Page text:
AMD to bring multi-core processing to mobiles

AMD's Bobcat processor could bring desktop processing power to smartphones

AMD is preparing to revolutionise handheld devices with an all-new ultra high efficiency multi-core CPU design. Codenamed Bobcat and pencilled in for a 2009 launch, the new chip will boast a unique execution core architecture and major on performance per Watt. AMD says several versions of Bobcat will be released with maximum power consumption ranging from one to ten Watts.

AMD hopes Bobcat will be a hit with makers of several mobile and small form factor devices including smartphones, ultra compact PCs and set-top boxes. However, it's likely the chip will face some stiff competition. Intel 's low-power Silverthorne CPU will be competing in the same space.

Architecturally, Bobcat is best described as a simplified x86 execution core. AMD has yet to reveal full details, but claims the chip is a ground up new design.

However, we suspect Bobcat's execution cores will resemble one of AMD's CPU designs from yesteryear with some added accoutrements such as increased floating point performance and SSE support. In that sense, it could be pretty similar to Intel's Silverthorne, which is based on the old Pentium M mobile CPU.

The other crucial aspect of Bobcat's design is support for AMD's M-SPACE modular CPU construction. Consequently, AMD will be able to offer several different Bobcat models with varying computing power. M-SPACE allows AMD to add execution cores as well as other functional units including video decode engines according to the needs of a given device.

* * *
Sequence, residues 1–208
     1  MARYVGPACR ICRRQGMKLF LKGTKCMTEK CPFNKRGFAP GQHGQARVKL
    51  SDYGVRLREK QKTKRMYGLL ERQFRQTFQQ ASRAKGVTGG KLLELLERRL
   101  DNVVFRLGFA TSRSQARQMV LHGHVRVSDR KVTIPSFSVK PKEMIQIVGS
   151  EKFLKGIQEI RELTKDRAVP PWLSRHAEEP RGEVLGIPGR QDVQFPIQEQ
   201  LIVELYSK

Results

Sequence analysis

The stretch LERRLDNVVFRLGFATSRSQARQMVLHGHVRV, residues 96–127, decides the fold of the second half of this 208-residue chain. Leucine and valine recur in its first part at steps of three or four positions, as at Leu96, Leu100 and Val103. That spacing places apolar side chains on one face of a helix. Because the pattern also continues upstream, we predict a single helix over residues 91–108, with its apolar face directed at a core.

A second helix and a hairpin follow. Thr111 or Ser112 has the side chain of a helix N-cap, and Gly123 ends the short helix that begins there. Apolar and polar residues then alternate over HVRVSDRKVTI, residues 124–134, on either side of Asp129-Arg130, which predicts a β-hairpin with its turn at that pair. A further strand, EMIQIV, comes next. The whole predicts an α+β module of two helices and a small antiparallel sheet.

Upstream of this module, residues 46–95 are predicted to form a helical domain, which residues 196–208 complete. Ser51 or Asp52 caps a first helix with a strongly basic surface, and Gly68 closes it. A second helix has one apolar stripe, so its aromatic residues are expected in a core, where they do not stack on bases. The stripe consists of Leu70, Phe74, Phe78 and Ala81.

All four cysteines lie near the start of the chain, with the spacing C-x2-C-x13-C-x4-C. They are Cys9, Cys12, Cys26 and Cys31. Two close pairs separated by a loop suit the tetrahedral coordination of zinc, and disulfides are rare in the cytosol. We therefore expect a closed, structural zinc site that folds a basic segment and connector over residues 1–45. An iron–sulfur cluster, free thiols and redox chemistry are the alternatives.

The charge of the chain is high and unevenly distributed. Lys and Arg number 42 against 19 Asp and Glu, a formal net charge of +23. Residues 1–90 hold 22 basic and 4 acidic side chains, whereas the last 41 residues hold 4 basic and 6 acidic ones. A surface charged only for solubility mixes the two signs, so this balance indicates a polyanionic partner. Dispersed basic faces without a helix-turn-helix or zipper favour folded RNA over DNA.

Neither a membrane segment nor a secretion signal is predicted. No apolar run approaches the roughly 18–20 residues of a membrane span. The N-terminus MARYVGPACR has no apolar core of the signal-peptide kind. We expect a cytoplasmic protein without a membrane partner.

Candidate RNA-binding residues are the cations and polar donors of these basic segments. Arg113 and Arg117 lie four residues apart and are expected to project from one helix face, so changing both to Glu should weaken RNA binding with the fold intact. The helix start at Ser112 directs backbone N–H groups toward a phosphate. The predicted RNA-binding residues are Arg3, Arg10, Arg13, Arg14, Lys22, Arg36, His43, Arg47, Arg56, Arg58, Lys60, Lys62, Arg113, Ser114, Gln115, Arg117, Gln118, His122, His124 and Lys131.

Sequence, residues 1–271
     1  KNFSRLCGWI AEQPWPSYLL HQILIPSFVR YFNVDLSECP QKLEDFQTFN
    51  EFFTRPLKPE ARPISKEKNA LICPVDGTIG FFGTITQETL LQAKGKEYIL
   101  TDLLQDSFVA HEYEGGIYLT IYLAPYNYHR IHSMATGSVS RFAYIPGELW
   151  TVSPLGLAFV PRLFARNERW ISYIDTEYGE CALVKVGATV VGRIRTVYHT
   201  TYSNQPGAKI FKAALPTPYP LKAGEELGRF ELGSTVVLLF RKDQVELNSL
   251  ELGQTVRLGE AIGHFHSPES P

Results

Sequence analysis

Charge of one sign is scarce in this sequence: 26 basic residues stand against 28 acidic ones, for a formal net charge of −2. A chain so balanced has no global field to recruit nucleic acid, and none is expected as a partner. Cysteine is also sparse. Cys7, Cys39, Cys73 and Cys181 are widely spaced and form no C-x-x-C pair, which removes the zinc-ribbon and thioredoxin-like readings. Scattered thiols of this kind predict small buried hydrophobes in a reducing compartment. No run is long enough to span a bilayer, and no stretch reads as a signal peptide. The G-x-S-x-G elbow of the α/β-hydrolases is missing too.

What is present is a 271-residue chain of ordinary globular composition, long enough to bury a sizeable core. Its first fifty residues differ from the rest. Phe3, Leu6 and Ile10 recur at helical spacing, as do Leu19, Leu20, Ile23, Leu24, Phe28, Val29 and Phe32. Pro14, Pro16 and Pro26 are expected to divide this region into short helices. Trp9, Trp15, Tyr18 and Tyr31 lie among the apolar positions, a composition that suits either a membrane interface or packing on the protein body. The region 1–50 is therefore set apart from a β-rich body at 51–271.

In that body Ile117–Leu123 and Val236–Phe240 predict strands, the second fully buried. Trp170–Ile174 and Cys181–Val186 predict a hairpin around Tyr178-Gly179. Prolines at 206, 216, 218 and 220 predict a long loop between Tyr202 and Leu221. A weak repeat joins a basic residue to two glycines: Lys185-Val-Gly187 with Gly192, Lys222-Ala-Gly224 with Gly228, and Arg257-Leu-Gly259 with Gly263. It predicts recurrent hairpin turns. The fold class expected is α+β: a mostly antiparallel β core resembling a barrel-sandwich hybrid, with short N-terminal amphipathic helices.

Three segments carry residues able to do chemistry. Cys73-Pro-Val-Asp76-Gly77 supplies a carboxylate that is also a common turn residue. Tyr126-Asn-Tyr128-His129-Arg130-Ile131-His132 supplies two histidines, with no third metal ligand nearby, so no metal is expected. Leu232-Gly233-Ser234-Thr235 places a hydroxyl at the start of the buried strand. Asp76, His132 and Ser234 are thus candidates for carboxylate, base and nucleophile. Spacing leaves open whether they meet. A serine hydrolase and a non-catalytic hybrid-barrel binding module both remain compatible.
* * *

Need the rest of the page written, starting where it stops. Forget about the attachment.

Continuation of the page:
x86 attack

Bobcat is part of a wider push from both AMD and Intel to conquer a wide range of consumer electronics devices with traditional x86-compatible PC processing technology. In the long run, Bobcat could deliver performance and functionality comparable to today's dual-core desktop PCs in a handheld device. Exciting stuff. was the former name of Its staff were at the forefront of the digital publishing revolution, and spearheaded the move to bring consumer technology journalism to its natural home – online. Many of the current TechRadar staff started life a staff writer, covering everything from the emerging smartphone market to the evolving market of personal computers. Think of it as the building blocks of the TechRadar you love today.